US Congressional Commission on China Issues 2011 Annual Report

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The United States Congressional-Executive Committee on China has released its annual report, focusing on human rights and the rule of law in China. According to the report, not much has changed since the commission was created in 2001. US Congressman Chris Smith introduced the report.

On Wednesday, United States Congressman Chris Smith introduced the bipartisan annual report of the Congressional-Executive Commission on how human rights and the rule of law have been playing out in China.

[Chris Smith, US Congressman]:
"The 2011 report notes that China's leaders have actually tightened their grip on Chinese society, and grown more aggressive in disregarding the very laws and international standards that they claim to uphold."

The commission was created in 2001 and monitors human rights and the development of rule of law in China. Many of the human rights abuses carried out by the Chinese regime when the commission was created are still going on in 2011.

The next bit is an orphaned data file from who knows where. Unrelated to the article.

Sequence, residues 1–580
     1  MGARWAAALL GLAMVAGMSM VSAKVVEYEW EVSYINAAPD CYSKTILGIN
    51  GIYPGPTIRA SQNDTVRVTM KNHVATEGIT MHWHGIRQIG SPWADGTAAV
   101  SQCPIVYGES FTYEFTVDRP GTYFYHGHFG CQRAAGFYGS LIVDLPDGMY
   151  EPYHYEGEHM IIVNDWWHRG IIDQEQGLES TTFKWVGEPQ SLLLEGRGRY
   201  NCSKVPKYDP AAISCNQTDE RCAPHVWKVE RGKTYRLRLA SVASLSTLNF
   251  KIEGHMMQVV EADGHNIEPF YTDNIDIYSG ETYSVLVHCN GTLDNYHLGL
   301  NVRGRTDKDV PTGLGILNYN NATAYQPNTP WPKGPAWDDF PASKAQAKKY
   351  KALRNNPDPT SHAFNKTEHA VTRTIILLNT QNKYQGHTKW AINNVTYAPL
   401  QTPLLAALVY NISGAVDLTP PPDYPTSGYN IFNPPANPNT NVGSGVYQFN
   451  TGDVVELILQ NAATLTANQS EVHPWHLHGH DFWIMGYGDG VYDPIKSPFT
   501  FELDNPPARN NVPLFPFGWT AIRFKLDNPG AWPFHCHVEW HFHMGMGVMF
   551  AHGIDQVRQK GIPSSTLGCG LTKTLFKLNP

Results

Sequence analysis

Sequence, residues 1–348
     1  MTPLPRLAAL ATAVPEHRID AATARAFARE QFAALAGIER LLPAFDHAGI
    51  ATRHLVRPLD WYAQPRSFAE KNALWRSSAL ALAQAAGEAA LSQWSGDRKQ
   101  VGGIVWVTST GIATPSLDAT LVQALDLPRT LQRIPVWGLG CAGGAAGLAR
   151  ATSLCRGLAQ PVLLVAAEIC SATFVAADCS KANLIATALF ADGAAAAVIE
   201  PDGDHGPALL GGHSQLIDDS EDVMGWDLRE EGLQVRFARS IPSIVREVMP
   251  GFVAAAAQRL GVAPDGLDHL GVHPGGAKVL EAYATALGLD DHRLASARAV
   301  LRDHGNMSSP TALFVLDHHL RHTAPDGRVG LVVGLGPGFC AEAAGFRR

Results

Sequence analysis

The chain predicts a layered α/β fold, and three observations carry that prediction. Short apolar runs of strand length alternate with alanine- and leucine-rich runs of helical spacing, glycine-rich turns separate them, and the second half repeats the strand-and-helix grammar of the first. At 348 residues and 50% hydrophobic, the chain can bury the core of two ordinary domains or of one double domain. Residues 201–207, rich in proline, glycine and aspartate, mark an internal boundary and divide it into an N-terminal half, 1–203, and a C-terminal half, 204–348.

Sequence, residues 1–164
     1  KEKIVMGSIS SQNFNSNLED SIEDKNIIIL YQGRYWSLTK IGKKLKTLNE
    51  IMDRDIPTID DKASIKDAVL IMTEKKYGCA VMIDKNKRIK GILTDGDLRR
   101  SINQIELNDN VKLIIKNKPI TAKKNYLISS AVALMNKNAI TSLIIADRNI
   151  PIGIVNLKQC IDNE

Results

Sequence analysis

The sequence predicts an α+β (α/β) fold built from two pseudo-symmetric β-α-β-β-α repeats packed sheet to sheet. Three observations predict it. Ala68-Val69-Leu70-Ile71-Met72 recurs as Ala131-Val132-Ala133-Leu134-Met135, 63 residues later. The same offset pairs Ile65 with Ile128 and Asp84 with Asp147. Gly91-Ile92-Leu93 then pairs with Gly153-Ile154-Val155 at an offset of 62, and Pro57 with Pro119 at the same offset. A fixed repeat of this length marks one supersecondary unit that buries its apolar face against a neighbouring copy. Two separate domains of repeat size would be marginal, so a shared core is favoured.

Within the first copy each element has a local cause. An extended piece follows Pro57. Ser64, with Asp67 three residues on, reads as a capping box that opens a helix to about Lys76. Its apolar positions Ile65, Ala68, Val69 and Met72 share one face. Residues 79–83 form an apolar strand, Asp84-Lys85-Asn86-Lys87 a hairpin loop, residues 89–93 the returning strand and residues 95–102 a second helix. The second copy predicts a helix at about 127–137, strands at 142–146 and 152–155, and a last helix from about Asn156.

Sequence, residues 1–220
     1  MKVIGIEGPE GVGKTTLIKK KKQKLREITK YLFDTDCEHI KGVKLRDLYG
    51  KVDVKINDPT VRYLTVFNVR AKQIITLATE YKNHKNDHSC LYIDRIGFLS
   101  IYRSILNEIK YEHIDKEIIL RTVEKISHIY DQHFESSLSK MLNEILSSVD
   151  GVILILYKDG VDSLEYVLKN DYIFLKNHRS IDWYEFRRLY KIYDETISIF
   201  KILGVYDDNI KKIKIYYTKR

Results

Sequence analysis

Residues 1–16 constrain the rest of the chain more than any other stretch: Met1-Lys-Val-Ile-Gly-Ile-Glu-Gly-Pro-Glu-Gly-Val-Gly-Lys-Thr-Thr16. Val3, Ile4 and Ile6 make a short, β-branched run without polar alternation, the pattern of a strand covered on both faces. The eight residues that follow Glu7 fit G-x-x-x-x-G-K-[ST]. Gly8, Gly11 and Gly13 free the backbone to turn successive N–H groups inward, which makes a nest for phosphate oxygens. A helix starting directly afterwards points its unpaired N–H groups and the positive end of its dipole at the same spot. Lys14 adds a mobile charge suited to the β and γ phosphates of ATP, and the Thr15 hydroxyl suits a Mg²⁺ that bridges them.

[Chris Smith, US Congressman]:
"The commission's 2011 report also documents ongoing abuses in the areas of religious freedom. Protestant house church members, under ground Catholics and Falun Gong members continue to risk detention and abuse for attempting to worship freely."

Chris Smith is chairman of the Congressional-Executive Committee on China and the Human Rights Sub-Committee. Smith is highly critical of the Chinese regime's human rights record.

[Chris Smith, US Congressman]:
"And as China adopts a new rhetorical strategy of claiming it abides by international law, we also hold China to it's stated acceptance of international norms."

The Commission is comprised of nine senators, nine representatives and five senior officials appointed by the US President. The report cites numerous political prisoners in China.

Ben Hedges

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